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D.J. Mencer’s The Dead Planet

Stories from Worlds of Fantasy #4 (John Spencer and Company 1951)

“The Dead Planet” by D.J. Mencer opens with deadpan incitement: “Jem Carson stood on the bridge of the Space Patrol ship, XK573, and his square jawline was grimly set, for Jem well knew that this wasn’t any routine check flight. This was the real thing. Trouble. With a capital T.”

The trouble is a distress call from Lira K, where Vasso Stornaway was reassigned to lead a Development Project after he was asked to resign from the prestigious Space Commission for “something [that] cropped up.”

Lira K is a rocky orb, devoid of plant life, located beyond the Barrier, and its native inhabitants, the Lizardmen, “aren’t too friendly.” During the flight, communications with the Project is cut off, triggering unvoiced conjecture from Jem and second officer Drex Gar, a Martian.

After a dangerous landing on a narrow strip surrounded by jagged rocks, Jem orders Drex to stay aboard while he and a crew investigate the development base, which is strangely quiet. When they reach the nearest building, a storehouse, they find it has been ransacked. They move on to what looks like barracks and find: “Torn, mangled bodies . . . ripped and clawed, as if animals had been at work.”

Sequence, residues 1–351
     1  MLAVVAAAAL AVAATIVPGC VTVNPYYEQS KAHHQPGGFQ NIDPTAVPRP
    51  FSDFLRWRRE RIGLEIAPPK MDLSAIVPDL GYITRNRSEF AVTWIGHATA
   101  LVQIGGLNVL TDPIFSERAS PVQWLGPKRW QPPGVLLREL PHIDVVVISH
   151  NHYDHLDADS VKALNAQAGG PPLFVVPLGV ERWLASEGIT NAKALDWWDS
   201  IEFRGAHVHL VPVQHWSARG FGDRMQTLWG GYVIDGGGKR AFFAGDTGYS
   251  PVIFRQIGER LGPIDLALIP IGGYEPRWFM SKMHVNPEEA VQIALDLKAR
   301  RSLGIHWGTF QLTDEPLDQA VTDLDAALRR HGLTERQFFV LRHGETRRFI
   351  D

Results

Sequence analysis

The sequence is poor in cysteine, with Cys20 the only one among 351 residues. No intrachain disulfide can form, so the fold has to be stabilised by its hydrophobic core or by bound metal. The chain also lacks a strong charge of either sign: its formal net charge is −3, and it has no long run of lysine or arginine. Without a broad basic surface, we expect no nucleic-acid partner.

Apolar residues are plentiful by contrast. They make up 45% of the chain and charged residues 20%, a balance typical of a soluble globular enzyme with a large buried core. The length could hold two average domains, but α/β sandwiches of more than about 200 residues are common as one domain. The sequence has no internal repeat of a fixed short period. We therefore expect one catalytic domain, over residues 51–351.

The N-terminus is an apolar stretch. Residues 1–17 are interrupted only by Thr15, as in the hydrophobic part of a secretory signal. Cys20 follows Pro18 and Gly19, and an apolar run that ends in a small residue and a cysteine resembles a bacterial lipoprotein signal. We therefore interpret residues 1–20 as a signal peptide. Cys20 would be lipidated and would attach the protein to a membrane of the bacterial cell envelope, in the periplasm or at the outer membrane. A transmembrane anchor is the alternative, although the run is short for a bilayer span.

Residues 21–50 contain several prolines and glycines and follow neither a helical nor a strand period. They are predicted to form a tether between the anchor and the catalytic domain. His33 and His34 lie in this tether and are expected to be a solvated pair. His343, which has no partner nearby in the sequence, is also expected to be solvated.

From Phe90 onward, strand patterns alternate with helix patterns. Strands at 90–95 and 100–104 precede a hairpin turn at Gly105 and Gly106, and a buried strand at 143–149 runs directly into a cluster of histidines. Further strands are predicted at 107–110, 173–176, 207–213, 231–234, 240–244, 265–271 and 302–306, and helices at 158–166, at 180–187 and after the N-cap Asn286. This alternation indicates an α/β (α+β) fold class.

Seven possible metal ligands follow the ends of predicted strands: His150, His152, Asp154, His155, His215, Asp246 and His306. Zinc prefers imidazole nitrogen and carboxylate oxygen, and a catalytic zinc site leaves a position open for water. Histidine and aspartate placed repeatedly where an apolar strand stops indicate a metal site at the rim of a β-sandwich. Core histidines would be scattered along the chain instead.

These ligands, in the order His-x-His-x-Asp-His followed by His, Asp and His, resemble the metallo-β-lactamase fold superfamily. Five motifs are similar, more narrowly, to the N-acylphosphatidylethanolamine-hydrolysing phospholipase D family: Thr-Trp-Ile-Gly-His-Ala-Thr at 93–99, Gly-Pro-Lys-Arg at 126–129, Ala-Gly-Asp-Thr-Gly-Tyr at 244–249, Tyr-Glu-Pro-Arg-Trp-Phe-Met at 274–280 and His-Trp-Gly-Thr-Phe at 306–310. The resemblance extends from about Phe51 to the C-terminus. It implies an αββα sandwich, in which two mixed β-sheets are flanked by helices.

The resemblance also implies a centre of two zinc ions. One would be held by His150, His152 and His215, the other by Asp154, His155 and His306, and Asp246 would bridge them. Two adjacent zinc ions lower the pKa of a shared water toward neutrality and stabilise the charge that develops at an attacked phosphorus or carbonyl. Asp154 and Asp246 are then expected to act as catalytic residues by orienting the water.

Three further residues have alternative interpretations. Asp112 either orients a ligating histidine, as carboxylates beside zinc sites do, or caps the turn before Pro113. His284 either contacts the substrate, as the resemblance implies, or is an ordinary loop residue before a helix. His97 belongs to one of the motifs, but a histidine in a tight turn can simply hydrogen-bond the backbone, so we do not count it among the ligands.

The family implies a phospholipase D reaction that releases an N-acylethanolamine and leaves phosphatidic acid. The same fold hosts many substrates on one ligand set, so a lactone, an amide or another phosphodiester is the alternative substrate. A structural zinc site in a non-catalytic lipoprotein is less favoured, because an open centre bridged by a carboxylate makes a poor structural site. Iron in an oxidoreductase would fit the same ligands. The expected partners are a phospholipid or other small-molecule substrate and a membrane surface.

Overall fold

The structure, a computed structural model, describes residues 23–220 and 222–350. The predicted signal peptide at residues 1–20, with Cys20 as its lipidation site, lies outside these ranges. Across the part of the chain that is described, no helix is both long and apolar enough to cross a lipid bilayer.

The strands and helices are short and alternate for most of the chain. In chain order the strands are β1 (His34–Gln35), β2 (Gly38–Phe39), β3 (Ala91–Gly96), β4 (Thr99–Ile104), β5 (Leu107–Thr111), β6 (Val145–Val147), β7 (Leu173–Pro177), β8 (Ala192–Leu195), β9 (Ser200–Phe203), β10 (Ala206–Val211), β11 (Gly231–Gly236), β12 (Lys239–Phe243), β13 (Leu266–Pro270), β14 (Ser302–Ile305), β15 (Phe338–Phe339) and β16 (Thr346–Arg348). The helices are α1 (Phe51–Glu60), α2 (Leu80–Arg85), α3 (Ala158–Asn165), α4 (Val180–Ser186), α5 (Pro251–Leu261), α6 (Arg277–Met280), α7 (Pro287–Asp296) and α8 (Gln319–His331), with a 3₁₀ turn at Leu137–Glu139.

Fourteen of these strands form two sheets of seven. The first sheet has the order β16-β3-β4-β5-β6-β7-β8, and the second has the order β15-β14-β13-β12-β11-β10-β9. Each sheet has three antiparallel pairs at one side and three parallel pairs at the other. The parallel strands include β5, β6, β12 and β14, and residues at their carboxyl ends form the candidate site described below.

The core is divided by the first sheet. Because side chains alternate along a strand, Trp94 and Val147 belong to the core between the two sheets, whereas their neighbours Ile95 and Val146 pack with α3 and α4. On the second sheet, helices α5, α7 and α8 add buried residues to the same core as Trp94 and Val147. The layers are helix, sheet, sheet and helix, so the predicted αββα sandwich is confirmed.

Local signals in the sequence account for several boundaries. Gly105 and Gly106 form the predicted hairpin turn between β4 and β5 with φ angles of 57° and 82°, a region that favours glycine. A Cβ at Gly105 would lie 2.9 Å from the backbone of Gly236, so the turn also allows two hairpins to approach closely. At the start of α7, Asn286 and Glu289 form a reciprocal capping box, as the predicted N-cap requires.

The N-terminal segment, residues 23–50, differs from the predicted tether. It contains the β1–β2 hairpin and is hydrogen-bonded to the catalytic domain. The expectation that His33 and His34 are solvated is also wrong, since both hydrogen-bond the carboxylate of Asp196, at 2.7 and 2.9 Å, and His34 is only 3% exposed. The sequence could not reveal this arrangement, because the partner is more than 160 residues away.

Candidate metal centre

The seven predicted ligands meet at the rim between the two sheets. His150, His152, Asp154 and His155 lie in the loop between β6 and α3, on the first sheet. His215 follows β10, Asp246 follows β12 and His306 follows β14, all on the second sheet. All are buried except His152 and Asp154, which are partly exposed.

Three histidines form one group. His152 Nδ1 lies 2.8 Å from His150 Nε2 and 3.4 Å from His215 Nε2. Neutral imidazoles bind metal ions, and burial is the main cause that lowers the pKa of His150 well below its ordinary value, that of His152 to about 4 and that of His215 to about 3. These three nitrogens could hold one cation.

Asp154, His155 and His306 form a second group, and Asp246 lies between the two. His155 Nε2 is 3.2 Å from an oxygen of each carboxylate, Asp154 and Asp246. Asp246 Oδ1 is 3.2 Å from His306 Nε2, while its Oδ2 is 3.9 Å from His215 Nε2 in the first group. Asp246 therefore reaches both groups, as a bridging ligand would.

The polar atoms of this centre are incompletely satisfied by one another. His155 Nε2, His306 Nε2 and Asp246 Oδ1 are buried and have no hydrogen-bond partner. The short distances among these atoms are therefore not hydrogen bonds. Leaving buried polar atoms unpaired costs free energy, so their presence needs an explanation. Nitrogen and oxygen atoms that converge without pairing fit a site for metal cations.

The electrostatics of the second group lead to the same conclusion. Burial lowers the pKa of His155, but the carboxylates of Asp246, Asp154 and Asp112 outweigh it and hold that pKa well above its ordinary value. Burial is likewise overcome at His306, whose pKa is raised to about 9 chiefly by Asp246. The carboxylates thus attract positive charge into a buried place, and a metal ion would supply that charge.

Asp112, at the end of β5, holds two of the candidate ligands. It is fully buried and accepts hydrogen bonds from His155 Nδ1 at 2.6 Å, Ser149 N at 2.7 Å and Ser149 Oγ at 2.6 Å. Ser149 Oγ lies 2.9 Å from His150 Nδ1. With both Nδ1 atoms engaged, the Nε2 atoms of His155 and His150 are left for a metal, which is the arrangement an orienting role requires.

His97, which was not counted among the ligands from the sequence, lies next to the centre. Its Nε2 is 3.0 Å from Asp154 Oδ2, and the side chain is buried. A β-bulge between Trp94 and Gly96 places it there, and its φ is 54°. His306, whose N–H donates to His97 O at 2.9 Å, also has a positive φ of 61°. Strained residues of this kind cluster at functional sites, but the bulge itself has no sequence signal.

They move on only to find similar horrors in the communications centre and administrative building, with no one left alive. But as their survey nears its end they find a lone surviver hidden away in a small metecrete structure, Vasso Stornaway’s assistant, Franz Heschel.

He may sound innocent in their first exchange, and the massacre may seem like the work of
the hideous Lizardmen, but this yarn was penned in 1951 England, and Franz Heschel is German. Jem soon pieces together a plot between Heschel, the very much alive and bitter Stornaway, and the “flabby, bloated Venusians,” who have hidden a massive deposit of Duronium from the Space Commission, and are stealing it for themselves.

Suffice to say, Jem, Drex and crew soon obliterate the savage Venusians and the traitorous Earthmen and make a full report to Lunar Control: Trouble expunged!

Worlds of Fantasy #4 cover
Worlds of Fantasy #4 1951